My Rebbe Maran HaGaon HaRav Rabbi Yaakov Weinberg Zt”l Rosh Yeshivas Ner Yisroel explained this based on the understanding that the Beis Ha’Mikdash is an integral part of the world’s plan. Since the existence of a Temple in the world is the natural state, the world should come back to its equilibrium without outside effort. It must be that the generation’s sins are actively preventing the Beis Ha’Mikdash from returning. Therefore, it is as if they destroyed the Temple.
Redeeming the Collateral
The Beis Ha’Mikdash is still a reality, and the world is meant to have it. We do not mourn because it has passed on, never to return. To the contrary, we will never complete our mourning period and move on with our lives. We want to redeem our collateral. We mourn because it demonstrates that we have not given up. We will mourn until we the Beis Ha’Mikdash is restored and we feel complete once again.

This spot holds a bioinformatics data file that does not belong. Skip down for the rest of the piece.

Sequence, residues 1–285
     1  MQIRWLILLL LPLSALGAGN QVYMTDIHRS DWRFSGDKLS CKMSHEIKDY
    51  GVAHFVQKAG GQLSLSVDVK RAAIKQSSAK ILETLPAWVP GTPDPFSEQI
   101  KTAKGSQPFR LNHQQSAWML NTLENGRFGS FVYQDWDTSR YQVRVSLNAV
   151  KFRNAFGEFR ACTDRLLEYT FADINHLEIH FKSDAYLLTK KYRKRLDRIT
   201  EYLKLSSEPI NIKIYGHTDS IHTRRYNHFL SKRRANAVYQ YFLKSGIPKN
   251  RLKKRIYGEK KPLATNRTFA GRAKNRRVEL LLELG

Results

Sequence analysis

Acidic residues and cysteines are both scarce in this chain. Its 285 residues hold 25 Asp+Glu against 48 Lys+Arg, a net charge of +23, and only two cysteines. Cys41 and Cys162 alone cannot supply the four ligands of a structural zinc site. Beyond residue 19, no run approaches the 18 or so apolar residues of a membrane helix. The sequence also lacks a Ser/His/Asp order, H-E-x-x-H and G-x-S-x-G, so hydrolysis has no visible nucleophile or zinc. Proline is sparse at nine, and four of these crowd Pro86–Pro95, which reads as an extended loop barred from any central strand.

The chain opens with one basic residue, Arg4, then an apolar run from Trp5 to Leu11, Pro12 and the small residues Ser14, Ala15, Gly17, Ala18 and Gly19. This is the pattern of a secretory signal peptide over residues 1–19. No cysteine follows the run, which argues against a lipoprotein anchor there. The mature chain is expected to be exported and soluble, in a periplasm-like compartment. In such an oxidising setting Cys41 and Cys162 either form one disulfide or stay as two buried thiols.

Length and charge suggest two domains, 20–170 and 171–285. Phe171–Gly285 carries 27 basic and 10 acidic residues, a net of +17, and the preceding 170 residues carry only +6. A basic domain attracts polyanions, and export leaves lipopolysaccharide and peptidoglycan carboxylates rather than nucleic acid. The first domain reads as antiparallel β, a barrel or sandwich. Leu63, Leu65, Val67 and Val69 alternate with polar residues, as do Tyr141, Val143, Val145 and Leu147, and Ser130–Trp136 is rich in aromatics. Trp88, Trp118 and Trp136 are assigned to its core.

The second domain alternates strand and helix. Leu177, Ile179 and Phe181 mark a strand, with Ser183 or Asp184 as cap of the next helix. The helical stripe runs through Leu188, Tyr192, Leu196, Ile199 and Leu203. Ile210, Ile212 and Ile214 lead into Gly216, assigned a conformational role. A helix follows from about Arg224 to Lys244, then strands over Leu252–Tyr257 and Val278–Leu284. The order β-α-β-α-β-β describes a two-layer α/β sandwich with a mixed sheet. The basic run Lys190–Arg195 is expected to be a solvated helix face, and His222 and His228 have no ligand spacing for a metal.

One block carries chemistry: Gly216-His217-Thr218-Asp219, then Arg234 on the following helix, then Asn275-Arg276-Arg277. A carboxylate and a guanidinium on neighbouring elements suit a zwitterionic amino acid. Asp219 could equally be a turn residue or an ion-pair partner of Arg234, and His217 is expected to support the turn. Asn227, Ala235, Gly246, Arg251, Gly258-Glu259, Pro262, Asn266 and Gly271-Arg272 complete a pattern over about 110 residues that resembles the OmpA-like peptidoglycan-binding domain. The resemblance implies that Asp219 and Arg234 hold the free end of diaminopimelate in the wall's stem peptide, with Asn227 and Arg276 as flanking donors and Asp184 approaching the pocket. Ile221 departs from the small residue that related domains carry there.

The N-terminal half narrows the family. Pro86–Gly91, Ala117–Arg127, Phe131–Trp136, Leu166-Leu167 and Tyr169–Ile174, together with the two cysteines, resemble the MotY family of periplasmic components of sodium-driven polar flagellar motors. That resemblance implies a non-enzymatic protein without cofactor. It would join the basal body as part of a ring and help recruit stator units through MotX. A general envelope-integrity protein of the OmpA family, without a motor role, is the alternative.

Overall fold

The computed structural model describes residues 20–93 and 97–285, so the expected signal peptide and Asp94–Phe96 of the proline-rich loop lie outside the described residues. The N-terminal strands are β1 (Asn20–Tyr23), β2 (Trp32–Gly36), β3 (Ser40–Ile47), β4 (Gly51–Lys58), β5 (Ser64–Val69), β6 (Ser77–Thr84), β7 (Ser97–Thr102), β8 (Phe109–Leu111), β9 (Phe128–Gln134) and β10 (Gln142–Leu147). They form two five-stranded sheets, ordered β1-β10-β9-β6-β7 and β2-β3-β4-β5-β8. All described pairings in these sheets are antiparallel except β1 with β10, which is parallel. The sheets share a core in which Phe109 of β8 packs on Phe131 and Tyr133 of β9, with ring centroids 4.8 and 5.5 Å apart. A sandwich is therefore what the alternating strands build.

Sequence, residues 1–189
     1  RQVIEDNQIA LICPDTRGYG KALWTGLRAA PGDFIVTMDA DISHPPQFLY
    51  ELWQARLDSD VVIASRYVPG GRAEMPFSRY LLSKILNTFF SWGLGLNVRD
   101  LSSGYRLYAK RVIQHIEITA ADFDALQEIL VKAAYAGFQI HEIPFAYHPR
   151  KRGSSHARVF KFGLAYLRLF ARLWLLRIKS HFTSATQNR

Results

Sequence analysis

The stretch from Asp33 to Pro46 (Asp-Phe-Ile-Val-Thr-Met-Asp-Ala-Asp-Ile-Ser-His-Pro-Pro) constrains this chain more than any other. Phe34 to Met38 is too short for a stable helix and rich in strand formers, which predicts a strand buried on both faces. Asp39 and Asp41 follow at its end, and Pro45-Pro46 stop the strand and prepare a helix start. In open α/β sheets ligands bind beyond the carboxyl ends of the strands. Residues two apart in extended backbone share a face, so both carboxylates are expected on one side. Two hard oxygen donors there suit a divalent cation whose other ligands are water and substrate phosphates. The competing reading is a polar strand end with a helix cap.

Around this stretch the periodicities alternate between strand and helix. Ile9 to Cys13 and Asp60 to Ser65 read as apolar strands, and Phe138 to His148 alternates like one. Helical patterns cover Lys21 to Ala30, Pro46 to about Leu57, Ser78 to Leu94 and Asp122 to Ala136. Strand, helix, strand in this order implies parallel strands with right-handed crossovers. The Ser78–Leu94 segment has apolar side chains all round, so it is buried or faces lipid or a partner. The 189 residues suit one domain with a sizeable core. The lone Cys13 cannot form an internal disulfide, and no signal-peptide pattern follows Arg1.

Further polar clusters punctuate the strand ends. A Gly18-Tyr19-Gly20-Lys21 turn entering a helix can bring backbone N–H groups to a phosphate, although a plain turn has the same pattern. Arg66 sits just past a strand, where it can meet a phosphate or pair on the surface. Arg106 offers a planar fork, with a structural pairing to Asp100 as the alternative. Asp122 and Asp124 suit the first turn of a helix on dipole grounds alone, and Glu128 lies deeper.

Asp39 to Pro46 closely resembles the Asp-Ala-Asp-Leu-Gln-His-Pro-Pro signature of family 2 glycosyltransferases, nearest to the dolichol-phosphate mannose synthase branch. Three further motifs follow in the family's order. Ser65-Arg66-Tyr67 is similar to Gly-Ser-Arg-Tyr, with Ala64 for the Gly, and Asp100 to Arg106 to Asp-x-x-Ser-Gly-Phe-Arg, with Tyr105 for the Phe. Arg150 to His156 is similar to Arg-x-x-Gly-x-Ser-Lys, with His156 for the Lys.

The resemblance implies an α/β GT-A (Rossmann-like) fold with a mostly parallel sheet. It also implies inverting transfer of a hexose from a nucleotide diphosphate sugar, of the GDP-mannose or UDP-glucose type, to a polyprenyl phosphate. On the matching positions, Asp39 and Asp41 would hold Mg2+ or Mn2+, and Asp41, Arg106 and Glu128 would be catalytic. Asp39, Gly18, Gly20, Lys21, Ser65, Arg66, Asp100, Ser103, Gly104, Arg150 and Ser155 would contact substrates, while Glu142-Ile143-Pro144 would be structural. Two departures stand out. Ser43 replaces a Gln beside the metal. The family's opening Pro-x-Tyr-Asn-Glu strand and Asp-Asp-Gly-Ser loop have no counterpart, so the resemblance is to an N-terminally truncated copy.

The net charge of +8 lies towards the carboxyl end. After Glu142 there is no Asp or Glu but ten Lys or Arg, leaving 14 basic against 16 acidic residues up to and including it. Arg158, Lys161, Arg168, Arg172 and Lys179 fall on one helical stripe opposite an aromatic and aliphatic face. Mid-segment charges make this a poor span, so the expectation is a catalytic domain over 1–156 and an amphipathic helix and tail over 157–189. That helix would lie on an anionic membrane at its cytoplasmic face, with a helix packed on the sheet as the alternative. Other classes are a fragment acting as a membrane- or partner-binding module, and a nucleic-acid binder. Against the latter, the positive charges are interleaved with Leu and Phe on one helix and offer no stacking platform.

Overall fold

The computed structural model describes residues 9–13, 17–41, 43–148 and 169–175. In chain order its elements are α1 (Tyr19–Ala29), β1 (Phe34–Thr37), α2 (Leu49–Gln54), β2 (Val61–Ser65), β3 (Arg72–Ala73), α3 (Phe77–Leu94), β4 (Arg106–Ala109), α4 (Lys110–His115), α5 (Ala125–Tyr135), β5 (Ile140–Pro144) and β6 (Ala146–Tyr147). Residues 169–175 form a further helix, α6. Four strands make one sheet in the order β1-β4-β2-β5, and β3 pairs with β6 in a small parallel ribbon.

This answers “Plato’s question” and explains why the act of mourning Yerushalayim gives one the merit of seeing its redemption. A cessation of mourning would be a declaration of complacence – implying that we accept the apparent loss of the Temple, Hashem forbid. We do not! The Beis Ha’Mikdash is as real to us now as it was to the Jewish people then.
The Beis Ha’Mikdash is part of our present reality, and the pain we have in being separated from it is a demonstration of just how connected we are to it. We miss it, it is a part of us, and we will do what it takes to get it back.
May we soon witness the rebuilding of Yerushalayim in merit of our mourning the loss of the Beis Ha’Mikdash on Tisha B’Av. With this we demonstrate our connection to Yerushalayim and the Beis Ha’Mikdash, and our dedication to participating in Hashem’s plan to make this world His dwelling place.